We want to celebrate the year’s achievements with you and share the spirit of the holidays. We are also requesting your financial support so that we can continue our fight to protect New Jersey’s environment. There is much unmet need for our legal services, and we turn down requests because we do not currently have enough capacity.

We are especially proud of having an attorney fully devoted to environmental justice (EJ) issues. Maggie Broughton’s first year at EELC was a resounding success. Our individual donors and foundation supporters deserve great thanks. Funds set aside from individual giving and new foundation grants allowed us to hire and focus a full-time attorney on EJ issues. Maggie expanded our work to new clients in communities of color and lower-income communities throughout New Jersey that are overburdened by environmental hazards and facing climate change.

Severe contamination in homes and neighborhoods is a common problem in EJ communities. EELC works in Newark on these issues, and, with Maggie on board, we were able to expand the work to Camden. A new client, Martha Chavis who heads Workforce and Economic Revitalization for Communities, writes that an illegal toxic waste dump in Camden has “threatened the health and revitalization of the Bergen Square neighborhood for decades.”  Only now, after EELC and this client have focused attention on both the health of residents as well as financial accountability of those who created the illegal dump is the New Jersey Department of Environmental Protection (NJDEP) “finally taking steps to clean up the site and address this environmental injustice.”

 Working with another Camden client, EELC has demanded that solid waste regulations be followed at a scrapyard where, three times in the last two years, toxic smoke spread through the neighborhood from burning industrial waste stored on the site.

South Camden residents were offered hotel accomodations downtown as smoke from the EMR scrapyard spread, October 2022. 

Photo courtesy of Center for Environmental Transformation.

Increased flooding due to climate change and clean energy are other concerns of EJ clients. Ivy Hill community members and New Jersey Progressive Equitable Energy Coalition (NJ PEEC) are working with EELC to ensure community voices are heard to address flooding, worsened by climate change, and industrial siting in EJ neighborhoods.

These matters put EELC in the forefront of implementing New Jersey’s new first-in-nation environmental justice law that makes it possible to prevent polluting development in communities because of already high levels of contaminants. “This is the trial run,” Maggie has said. “People are going to see and governments are going to see how it’s working in New Jersey and possibly adopt it as well or use New Jersey’s law and regulations as a model.” 

EELC is as busy as ever on the transition to clean energy, representing clients who are pushing state government to move more quickly on infrastructure for the electrification of vehicles. In addition, we continue to oppose unneeded pipelines for fossil fuels. EELC has received a grant from the Energy Foundation to continue representing New Jersey and national greens at the Board of Public Utilities (BPU) in anticipated public hearings on how the State’s continuing transition to electric vehicles and the electrification of power will be accomplished in an equitable and fiscally responsible way. Our clean energy clients include Environment New Jersey, New Jersey Conservation Foundation, the Sierra Club, the NJ League of Conservation Voters, EDF, Tri-State Transportation, Green Faith, and NRDC.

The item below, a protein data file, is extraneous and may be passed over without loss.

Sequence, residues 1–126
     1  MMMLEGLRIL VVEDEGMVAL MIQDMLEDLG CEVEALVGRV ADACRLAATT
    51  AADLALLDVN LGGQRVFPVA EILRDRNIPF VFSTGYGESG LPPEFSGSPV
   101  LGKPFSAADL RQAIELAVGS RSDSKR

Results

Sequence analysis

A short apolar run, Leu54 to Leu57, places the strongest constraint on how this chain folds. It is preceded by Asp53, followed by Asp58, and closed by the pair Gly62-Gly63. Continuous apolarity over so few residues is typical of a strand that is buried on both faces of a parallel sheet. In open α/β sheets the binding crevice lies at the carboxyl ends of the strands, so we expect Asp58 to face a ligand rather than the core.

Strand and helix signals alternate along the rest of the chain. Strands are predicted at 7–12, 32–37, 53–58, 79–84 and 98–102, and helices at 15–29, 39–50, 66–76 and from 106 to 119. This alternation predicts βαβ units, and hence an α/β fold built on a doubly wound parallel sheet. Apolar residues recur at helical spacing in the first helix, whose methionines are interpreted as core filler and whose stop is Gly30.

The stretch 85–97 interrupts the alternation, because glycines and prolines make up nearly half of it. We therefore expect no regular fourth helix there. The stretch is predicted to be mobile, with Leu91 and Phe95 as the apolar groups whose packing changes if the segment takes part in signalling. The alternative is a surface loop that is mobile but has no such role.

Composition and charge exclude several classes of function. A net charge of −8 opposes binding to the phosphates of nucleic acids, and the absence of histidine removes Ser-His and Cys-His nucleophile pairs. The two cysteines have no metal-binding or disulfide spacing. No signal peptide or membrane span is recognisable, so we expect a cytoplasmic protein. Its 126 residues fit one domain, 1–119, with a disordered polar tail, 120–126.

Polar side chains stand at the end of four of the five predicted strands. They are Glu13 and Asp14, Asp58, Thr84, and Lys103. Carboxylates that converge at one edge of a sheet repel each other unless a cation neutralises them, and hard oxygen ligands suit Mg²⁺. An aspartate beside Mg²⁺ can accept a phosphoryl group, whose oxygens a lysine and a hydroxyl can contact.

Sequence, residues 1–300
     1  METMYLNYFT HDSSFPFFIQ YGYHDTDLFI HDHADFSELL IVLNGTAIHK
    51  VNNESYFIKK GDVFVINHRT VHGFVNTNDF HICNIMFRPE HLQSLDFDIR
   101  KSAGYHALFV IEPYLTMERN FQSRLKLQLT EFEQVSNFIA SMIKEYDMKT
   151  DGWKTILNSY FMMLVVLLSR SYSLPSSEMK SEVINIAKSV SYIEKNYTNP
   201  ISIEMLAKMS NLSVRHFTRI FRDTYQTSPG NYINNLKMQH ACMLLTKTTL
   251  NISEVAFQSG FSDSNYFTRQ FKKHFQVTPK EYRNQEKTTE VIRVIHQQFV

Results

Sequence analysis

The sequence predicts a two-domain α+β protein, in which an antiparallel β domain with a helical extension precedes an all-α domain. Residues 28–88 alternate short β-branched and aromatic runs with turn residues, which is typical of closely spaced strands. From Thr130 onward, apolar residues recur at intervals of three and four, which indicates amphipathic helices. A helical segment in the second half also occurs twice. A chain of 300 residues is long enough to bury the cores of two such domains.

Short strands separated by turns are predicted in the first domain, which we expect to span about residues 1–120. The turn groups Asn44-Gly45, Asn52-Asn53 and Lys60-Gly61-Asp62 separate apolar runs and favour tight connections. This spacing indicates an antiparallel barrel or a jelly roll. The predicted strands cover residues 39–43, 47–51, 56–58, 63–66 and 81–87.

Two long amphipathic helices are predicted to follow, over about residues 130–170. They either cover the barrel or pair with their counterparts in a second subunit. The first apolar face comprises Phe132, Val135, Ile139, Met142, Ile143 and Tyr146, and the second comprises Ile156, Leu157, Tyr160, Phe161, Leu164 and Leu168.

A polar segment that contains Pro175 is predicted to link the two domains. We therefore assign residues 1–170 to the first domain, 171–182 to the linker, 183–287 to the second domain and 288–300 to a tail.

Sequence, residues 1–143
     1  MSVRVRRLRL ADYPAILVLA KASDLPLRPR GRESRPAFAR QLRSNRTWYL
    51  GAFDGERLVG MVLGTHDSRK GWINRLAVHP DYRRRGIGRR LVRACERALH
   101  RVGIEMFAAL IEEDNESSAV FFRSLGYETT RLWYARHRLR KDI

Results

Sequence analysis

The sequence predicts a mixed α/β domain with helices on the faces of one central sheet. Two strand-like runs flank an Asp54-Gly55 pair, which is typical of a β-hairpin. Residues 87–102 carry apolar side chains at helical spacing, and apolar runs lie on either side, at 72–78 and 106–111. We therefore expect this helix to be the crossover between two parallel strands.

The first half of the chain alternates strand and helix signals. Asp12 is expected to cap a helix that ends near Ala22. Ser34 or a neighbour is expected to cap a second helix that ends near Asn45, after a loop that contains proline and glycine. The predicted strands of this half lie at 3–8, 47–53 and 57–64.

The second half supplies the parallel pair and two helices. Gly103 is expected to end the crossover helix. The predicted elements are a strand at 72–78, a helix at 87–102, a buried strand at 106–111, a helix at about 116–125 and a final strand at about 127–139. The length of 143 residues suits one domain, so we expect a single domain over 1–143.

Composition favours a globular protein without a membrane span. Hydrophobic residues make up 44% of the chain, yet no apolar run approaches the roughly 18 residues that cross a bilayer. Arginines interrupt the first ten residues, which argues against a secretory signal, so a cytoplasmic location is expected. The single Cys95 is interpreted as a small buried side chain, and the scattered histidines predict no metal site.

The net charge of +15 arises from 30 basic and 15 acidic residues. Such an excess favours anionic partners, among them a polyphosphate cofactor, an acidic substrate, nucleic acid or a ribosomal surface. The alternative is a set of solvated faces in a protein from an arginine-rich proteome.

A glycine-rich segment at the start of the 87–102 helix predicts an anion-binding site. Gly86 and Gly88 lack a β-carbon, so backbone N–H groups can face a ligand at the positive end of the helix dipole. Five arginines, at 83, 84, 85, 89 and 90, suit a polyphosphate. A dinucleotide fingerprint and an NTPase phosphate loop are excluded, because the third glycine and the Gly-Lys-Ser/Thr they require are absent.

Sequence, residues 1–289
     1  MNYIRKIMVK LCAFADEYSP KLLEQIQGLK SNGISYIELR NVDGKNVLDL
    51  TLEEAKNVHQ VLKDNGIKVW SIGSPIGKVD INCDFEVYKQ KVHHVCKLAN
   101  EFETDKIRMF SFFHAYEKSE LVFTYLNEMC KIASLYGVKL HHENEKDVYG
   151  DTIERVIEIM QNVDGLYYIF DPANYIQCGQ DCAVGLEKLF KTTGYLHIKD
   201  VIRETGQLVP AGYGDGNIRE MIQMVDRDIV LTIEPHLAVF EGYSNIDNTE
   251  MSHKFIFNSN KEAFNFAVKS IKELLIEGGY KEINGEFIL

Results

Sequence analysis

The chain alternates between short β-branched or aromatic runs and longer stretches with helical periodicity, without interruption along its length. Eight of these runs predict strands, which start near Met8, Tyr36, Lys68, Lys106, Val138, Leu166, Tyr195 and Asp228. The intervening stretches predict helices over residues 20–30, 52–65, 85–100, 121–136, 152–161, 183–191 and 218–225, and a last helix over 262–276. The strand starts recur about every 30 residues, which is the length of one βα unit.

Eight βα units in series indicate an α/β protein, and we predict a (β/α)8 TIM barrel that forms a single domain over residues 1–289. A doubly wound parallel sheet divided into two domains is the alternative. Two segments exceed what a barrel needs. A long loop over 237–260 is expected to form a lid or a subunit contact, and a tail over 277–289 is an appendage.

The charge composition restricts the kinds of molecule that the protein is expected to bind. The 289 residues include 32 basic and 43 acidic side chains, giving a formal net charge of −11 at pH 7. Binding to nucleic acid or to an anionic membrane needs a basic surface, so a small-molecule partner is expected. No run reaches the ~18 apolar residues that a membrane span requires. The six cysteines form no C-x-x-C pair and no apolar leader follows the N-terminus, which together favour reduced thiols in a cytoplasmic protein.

Along with attorneys around the country, EELC advocated in Washington that pipeline approval must include a comprehensive analysis of greenhouse gas emissions both upstream and down, and new guidance has been drawn up.

Skyland Preservation Alliance and EELC saved Tobias Farm from warehouse sprawl. Photo courtesy of Patrick Banes.

EELC is continuing its work on open space, sustainable development, clean air, and clean water. In brief, warehouse sprawl continues to plague the State, and EELC has helped clients to save farmland from overdevelopment. EELC’s watershed clients and our attorneys are bringing the public’s knowledge to bear on changes to state law as the NJDEP makes an historic upgrade in New Jersey regulations to protect streams.

We are a small team of well-regarded and sought-after attorneys who serve NJ and national environmental organizations, environmental justice organizations, and community groups, all of whom are pushing for a cleaner environment, clean energy, water and air, and open space for us all to enjoy.

Would you consider contributing to EELC so we can continue to expand our services and meet new requests that frequently come through our door?

We wish you much joy and peace over the holiday season.

Edward Lloyd, Esq.                      Alexi Assmus, PhD                                              Chris Miiler, Esq.

Co-Chair, Board of Trustees        Co-Chair, Board of Trustees                                Executive Director